Since childhood I have approached the Sacrament of Penance and Reconciliation with some fear and uncertainty. Not unlike many other Catholics I wonder, “Am I doing it right? Have I remembered everything I ought to confess? How long has it been since my last confession?”
I ought to go more often, and not because of any legal prescription. In fact, like the Eucharist, the Sacrament of Reconciliation is an opportunity to draw near to God.
I desire to draw near to God, so I was heartened by some words of gentle encouragement about making a good confession in a book by the French Jesuit Fr. Jean-Pierre de Caussade. Fr. de Caussade is best known for his authorship of the spiritual classic Abandonment to Divine Providence. From 1733–1740, de Caussade served as spiritual director to the Nuns of the Visitation at Nancy, France. He wrote many letters to the sisters full of sage advice about surrendering the soul to the will of God. Of confession, he says to one of the sisters:
With regard to confession, be firmly convinced that you need not trouble about it, either on account of your miseries or of your sins. St. Francis of Sales says that after sorrow for sin there should be peace. This then is what you ought to aim at, and above all you should be full of great confidence in the infinite goodness of God, remembering that His mercy is greater than any of His works, that He glories in forgiving us, but cannot prove His generosity if we are wanting in confidence. He loves simplicity, candor, and uprightness, go to Him therefore with perfect confidence, in spite of all your weakness, misery, and unfaithfulness.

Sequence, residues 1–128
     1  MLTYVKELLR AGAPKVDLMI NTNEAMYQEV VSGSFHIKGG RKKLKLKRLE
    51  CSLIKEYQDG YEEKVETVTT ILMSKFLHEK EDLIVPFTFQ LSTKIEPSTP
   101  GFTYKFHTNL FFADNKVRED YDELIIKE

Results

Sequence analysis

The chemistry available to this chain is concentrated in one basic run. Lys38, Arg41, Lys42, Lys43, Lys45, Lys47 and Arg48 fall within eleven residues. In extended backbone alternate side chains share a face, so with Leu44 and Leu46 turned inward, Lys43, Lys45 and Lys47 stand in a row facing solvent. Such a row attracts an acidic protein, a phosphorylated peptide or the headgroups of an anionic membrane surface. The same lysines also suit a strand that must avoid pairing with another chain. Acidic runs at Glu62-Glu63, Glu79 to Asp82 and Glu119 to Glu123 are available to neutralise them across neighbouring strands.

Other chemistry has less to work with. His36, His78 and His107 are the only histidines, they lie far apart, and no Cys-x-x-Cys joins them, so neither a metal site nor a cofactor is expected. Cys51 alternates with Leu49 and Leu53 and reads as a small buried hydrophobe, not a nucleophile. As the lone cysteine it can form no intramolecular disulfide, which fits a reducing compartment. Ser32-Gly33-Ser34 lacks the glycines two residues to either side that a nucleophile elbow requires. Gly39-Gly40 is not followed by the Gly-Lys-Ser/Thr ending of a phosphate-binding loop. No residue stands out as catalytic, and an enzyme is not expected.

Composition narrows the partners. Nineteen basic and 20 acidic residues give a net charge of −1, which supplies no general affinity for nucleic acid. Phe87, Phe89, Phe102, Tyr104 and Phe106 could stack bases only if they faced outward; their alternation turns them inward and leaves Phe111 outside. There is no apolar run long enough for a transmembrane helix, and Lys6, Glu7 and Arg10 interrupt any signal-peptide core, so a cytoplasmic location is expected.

I need not trouble about confession but have confidence in the infinite goodness of God. That is good news.
That is what the Church has always taught, of course, but I forget. My inclination, sinner that I am, is to put myself at the center when God wants to be there—in the heart of the Sacrament of Reconciliation and in my heart. Fr. de Caussade reminds us that God’s mercy is greater than our sin or our fear. God longs to forgive us.
How might we avail ourselves of de Caussade’s advice to draw us more deeply into relationship with God through the Sacrament of Reconciliation?
As I reflect on my sins in preparation for the sacrament, am I also reflecting on the great mercy of God?
Do I speak of my sins with “simplicity, candor, and uprightness,” that is, am I prepared to name my sins with boldness and brevity, not dwelling unnecessarily on the story of what is past?
Do I approach God in the sacrament with utter confidence that God’s infinite mercy is bigger—much bigger!—than my sin?